So you can go really late in the cycle and not only to start, but you can adapt the tool and the infrastructure and the problem solving surface continuously. You know me if you know and the final thing I think, which is really the biggest piece of this. Now that we are here, I’m doing these forums online. We have a new actor that comes in and that's data. Everything that people do is data now, you can bring in the virtuous loop of data to start informing the process.
And beauty is not just the process you're in right now, you can use that data to inform the process of all future designs forms as well, so that's very, very powerful. You know, into summer, you know there's a lot to say. To summarize, I think the power that I have discovered is really now that this gives me the ability to bring even more people who are not part of the innovation process now into the innovation process so I’m really excited next week I'll be running swarm in Sierra Leone with the young folks on on gender violence, and some of them won't use computers, they run do it from their phones maybe.
Right and, But now we have the means to be able to reach folks on the left, rather than design down for others, let everybody's creative potential help shape the solutions for themselves and even for others, so that gets super powerful.
Wilma: Now that's really helpful, just articulate you know how it's changed over the last 18 months and sounds like it's changed a lot.
Surya: It's going to love it, you're going to change a lot.
Wilma: yeah no it's definitely been an interesting year to be in design and be working in this field, the other thing I want to make sure that we touch upon. That they use spoken about four is the kinds of evolution of design industry and also design maturity within organizations. You've talked about this idea of design 1.0 to design for point now can you talk more about that framework, and how you understand design maturity.
Surya: yeah so this framing which is really a framing of the four scales of design, this is not my original framing this goes back to thinking. Maybe, even as long ago as 1972 Richard Buchanan who wrote about the Fourth Order of Design, and I am stealing from that and also the work of folks are built on Buchanan's were collect Gary van Patten, who actually is the one who introduced the notion of using the numbers.
And I’m building on top of that, so just you know, giving credit where credit is due, but the important piece over here is. So if we think about these four orders of design of the four scales of design that design functions that you can think of, one point O is a designer products and communications. You read this thing that we all learn in design school: how do you design this great well designed product and the perfect message well design, you know the right colors, the font and all that we all deeply loved the next level or a designer next step. designed to point O is designed for experiences and services.
Now, when we're taking the narrative frame and we're looking at how things unfold over time right and multi touch experiences on the channel all of those things redness and you know this is really. Where we think about if you want to take field service design right, so we can think about that as the evolution of designed to design 2.0 and design 3.0 which is really where we are right now is designed for organizational transformation.
Right and more of the business success stories we've seen in the last 20 years had been designed 3.0 success stories, when the apple right airbnb Microsoft is the Australian tech system raining all of these success stories that have happened around the world on design it's about multiple people teams using design thinking and driving organizational transformation and badly designed for point Oh, is designed at social and planetary scale right and I, that is the part of the evolution, that is taking place right now.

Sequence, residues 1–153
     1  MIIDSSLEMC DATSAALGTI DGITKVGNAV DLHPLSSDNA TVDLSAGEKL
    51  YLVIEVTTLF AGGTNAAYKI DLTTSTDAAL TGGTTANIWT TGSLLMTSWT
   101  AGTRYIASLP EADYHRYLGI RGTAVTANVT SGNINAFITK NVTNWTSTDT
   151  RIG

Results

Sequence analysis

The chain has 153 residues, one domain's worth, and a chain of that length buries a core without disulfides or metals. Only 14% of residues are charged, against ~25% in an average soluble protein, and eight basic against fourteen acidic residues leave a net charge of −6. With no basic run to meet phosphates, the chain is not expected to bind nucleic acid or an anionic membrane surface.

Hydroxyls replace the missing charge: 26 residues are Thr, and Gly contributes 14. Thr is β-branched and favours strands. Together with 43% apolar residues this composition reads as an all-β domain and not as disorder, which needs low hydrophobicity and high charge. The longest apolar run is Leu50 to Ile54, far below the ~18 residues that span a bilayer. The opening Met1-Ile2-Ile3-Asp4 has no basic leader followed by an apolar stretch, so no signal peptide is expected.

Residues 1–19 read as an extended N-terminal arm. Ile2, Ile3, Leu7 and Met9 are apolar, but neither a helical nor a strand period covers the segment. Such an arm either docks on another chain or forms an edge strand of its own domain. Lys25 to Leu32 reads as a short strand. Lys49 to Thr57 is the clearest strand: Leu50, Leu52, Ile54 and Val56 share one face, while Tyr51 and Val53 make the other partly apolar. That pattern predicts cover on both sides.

And we're moving towards that we haven't had too much for either vocabulary or a commitment or focus to attack, but that's the movie and you know the pandemic has been an accelerant which these kind of intentions needs that becoming clearer right, we see it, the rise of inclusive design right, the fact that we're all talking about inclusion.
The fact that we're starting to build these inclusive design frameworks, you know bulk of authentic work now is really in helping organizations to operationalize inclusive design. Because organizations are recognizing the need to do that, that.
You know, for me, this goes, all the way back to the beginning of our conversation, all the way back to my first few weeks in design school picking up design for the real world and the notion of design is a political act know and that's what design for point of a scale designing for scale and designing for this particular moment when.
Our own planet is in trouble right now and we've got a bunch of different things happening at the same time, a bunch of challenges that need to be taken care of saying that we can't pretend that the most important thing to do in design Is make better icons or create better shopping experiences. And limit us, those are very important, but we can't limit ourselves to those or build more profitable companies, we have women, while we do all of those were recognized as an opportunity for design to have.
A much larger impact and then design has something unique that it brings that can contribute to that that you know that there's a way of thinking that other fields don't have, and that by adding to the mix. Design has an opportunity in a responsibility to contribute at this moment and that's designed for point oh.
Wilma: yeah I really want to dig into you know the all the concepts that you just mentioned around design for pie, now we talked a little bit earlier about you know, making it inclusive of more people also democratizing the design process and, as you just mentioned, there are a lot of organizations, you know right now that they know how to do design 1.0 and 2.0 and quite a few that have moved into three point O space. But as a designer or if you're part of a design and design and strategy team, what does that actually mean to set up, you know for success moving into design 4.0.